Several foreign journalists, as well as German journalists' unions and the NGO Reporters Without Borders, had mounted a legal challenge to the latest amendment to the BND law, which sets out what Germany's foreign intelligence service, the BND, can and can't do. One of the plaintiffs in the case was Azerbaijani journalist Khadija Ismayilova, who was awarded the 2017 Right Livelihood Award, often referred to as the "Alternative Nobel Prize," for her work exposing corruption and organized crime in her own country. For her, the fact that the BND had the power to share intelligence with Germany's less democratic allies made today's court decision vital.
"I suffered a lot in Azerbaijan from the unlimited power of the government and their abuse of anti-terror legislation, which also allowed them to interfere with my privacy and expose my intimate life," she said in an emailed statement. "I am happy that democratic checks and balances are still operational in Germany and it was possible to revert the abusive laws which could be used as instruments against whistleblowers and journalists." Read more: Behind the scenes of Germany's BND "The German Constitutional Court has once again underlined the importance of press freedom," Christian Mihr, director of Reporters Without Borders in Germany, said in a statement. "We are pleased that (the court) has put a stop to the sprawling surveillance activity of the BND abroad."
"A secret service that wants to protect democracy cannot trample on important democratic freedoms," said Frank Überall, head of the German journalists' union DJV in his statement.
The 2017 amendment effectively legalized what the BND had been doing anyway: monitoring telecommunications anywhere in the world, regardless of suspicion.The amendment was introduced in the wake of revelations about the scope and power of the US National Security Agency (NSA), by whistleblower Edward Snowden.
Fair game outside Germany?But according to a confidential document on "Signals Intelligence" leaked to Der Spiegel and Bavarian public broadcaster BR last week, the BND has been trying to self-regulate what kind of communications among German citizens it may eavesdrop on, based on the new law.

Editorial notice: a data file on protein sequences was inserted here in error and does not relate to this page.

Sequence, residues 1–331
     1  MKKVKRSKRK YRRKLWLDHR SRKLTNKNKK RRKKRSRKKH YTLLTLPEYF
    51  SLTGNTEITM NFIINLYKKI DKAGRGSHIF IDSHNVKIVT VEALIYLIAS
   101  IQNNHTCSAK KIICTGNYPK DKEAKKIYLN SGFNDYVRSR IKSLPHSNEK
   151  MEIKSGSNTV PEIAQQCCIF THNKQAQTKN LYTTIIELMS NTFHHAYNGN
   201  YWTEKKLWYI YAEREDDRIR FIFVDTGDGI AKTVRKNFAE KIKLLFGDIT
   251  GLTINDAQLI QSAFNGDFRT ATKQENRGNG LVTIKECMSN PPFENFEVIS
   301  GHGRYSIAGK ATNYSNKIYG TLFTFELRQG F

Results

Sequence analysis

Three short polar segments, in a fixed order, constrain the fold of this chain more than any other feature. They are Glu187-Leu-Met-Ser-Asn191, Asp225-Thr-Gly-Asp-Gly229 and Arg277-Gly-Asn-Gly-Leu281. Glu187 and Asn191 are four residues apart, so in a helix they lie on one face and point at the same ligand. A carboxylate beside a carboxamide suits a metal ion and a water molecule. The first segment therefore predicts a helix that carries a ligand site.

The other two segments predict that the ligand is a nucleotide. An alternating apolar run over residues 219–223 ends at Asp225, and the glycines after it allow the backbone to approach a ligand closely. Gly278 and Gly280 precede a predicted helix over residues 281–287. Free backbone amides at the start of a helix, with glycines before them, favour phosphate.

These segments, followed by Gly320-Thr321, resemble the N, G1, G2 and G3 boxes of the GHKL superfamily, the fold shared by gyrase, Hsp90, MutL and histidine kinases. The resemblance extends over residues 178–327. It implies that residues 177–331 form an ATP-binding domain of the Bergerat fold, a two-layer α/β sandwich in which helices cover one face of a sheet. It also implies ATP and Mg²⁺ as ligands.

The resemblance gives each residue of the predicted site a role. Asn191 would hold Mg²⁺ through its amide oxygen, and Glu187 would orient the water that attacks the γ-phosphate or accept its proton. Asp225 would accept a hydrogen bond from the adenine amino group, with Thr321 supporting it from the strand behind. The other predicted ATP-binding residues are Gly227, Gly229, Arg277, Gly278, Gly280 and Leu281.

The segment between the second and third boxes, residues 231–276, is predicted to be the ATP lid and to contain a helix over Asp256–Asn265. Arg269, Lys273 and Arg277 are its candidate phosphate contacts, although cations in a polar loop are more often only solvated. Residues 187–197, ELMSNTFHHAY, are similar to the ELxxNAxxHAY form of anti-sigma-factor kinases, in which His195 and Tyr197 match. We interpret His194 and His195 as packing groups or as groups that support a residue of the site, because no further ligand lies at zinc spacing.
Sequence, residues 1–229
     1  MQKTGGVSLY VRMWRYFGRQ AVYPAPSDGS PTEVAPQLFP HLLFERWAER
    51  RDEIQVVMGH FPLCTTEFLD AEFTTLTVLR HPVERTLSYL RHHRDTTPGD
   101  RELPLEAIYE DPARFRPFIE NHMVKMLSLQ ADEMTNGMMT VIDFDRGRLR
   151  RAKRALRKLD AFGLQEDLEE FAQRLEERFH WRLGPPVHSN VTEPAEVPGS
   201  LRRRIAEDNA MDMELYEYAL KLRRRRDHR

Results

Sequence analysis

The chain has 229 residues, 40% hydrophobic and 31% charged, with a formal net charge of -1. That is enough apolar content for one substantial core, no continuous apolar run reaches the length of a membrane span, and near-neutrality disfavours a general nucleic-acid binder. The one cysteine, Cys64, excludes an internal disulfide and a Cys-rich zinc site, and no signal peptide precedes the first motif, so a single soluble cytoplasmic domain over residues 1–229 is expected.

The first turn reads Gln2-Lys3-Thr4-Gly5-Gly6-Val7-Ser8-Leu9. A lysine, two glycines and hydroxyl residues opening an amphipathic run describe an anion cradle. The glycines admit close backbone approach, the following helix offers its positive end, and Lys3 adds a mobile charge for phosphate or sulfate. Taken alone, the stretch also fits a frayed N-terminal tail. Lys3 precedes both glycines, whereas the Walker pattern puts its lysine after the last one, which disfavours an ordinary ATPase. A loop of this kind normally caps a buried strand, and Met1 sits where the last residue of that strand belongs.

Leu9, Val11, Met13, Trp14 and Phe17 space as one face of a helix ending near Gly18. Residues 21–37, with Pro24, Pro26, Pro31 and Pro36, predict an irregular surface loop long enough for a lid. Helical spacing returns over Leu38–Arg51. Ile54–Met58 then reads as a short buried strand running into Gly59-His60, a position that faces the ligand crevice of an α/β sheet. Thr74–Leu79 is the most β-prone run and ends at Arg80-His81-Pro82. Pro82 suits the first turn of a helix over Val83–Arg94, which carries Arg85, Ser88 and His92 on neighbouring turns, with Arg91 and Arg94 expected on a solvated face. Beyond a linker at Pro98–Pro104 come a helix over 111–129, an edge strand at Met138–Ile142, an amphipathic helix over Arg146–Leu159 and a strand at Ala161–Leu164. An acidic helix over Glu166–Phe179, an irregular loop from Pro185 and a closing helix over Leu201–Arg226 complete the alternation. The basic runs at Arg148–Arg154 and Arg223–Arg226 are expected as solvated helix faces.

Up until now, Der Spiegel reported, the BND had considered foreign nationals living outside Germany essentially fair game, as they assumed they were not protected by Germany's constitution. During a hearing in January, Helge Braun, Chancellor Angela Merkel's chief of staff, had argued that the monitoring of communication was vital to preventing attacks on the German military abroad. He added that the BND law included "comprehensive protection and control measures" that were unique. The key legal question was whether foreign nationals in other countries were covered by Germany's constitution, known as the Basic Law, which safeguards human rights — including Article 10, the privacy of correspondence and communications.
Paulina Starski, a constitutional law specialist and senior research fellow at the Max Planck Institute for Comparative Public Law and International Law in Heidelberg, strongly welcomed the ruling, saying it was the first time the German Constitutional Court had made such a clear verdict on secret service activities.
"I'm a great supporter of this interpretation of the Basic Law. It has previously been controversial where the obligation to protect basic rights applies," she told DW. "Is it only in Germany or does it cover the activity of German state organs abroad? As you can imagine, this will have many consequences beyond the activities of the secret services — military missions abroad, for example."
There is of course a basic question when it comes to secret service activities, she added: "Can the BND even decide for itself what communications it is allowed to monitor? Essentially, the court is saying that these very large areas of leeway that the secret services have must be tightened. It's not a lawless zone. Basic rights apply there too."One of the largest internet exchange points in the world, the Deutsche Commercial Internet Exchange (DE-CIX), is situated in Frankfurt, through which pass internet exchanges to and from France, Russia, and the Middle East among others. According to Der Spiegel, the BND is able to tap into the exchange at will, giving it access up to 1.2 trillion communications per day. There are several other DE-CIX exchange points in Germany, including in Hamburg and Munich.
The Constitutional Court said the government has until the end of 2021 to amend the BND law.
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